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Versions: 00 01 02 RFC 4705

INTERNET DRAFT                               R. Housley (Vigil Security)
Informational                                        A. Corry (GigaBeam)
Expires October 2006                                          April 2006

               GigaBeam High-Speed Radio Link Encryption

Status of this Memo

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   This document describes the encryption and key management used by
   GigaBeam as part of the WiFiber(tm) family of radio link products.
   The security solution is documented in the hope that other wireless
   product development efforts will include comparable capabilities.

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1.  Introduction

   The GigaBeam WiFiber(tm) product family provides a high-speed point-
   to-point radio link.  Data rates exceed 1 gigabit/second at a
   distance of about a mile.  GigaBeam links have very low probability
   of interception due to a narrow transmission beam-width (less than
   one degree), even so, some customers require confidentiality and
   integrity protection for the data on the radio link.  This document
   describes the security solution designed and deployed by GigaBeam to
   provide these security services.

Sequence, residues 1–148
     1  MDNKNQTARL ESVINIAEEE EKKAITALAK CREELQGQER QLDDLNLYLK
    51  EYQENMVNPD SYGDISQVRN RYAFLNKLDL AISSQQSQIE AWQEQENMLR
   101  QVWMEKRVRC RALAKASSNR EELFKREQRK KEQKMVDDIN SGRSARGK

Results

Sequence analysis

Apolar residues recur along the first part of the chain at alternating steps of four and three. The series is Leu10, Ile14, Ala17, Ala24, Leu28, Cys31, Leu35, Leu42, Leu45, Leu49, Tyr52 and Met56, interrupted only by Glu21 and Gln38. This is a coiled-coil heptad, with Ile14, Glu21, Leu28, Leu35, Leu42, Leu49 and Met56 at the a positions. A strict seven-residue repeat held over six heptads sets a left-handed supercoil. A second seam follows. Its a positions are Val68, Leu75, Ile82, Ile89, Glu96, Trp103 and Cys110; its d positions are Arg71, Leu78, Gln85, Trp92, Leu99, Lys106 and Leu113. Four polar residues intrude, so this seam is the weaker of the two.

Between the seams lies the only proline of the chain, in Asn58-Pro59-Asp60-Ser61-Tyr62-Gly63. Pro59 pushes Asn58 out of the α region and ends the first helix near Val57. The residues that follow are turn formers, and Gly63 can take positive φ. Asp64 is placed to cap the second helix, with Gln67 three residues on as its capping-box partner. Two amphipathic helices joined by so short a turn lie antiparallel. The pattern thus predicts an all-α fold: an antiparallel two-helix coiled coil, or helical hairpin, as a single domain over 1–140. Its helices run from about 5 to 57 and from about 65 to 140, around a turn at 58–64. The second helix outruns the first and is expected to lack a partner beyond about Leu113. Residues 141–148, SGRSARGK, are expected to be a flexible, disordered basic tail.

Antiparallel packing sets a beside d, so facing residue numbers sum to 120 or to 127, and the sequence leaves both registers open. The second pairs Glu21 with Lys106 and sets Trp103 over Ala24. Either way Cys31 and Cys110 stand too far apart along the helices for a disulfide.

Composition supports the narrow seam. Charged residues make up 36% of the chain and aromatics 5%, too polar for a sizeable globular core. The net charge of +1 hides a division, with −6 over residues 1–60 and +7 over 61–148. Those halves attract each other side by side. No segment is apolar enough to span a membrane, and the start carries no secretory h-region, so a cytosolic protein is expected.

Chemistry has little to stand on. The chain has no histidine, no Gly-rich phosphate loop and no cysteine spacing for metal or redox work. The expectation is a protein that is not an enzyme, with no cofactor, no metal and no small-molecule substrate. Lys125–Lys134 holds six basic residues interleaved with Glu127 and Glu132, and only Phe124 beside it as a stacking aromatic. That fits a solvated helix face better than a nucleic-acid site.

The GigaBeam security solution employs:

     o  AES-GCM [GCM] with a custom security protocol to provide
        confidentiality and integrity protection of subscriber
        traffic on the radio link;

     o  AES-CBC [CBC] and HMAC-SHA-1 [HMAC] with IPsec ESP [ESP] to
        provide confidentiality and integrity protection of management
        traffic between the radio control modules;

     o  AES-CBC [CBC] and HMAC-SHA-1 [HMAC] with IKE [IKE] to provide
        confidentiality and integrity protection of key management
        traffic between the radio control modules; and

     o  OAKLEY key agreement [OAKLEY] and RSA digital signatures [PKCS1]
        with IKE to provide automated key management.

2.  GigaBeam High-Speed Radio Link Overview

   The GigaBeam high-speed radio link transparently provides a fiber
   interface to two network devices.  Figure 1 illustrates the
   connection of two devices that normally communicate using Gigabit
   Ethernet over a fiber optic cable.

     +---------+     +----------+        +----------+     +---------+
     |         |     |          +----/   |          |     |         |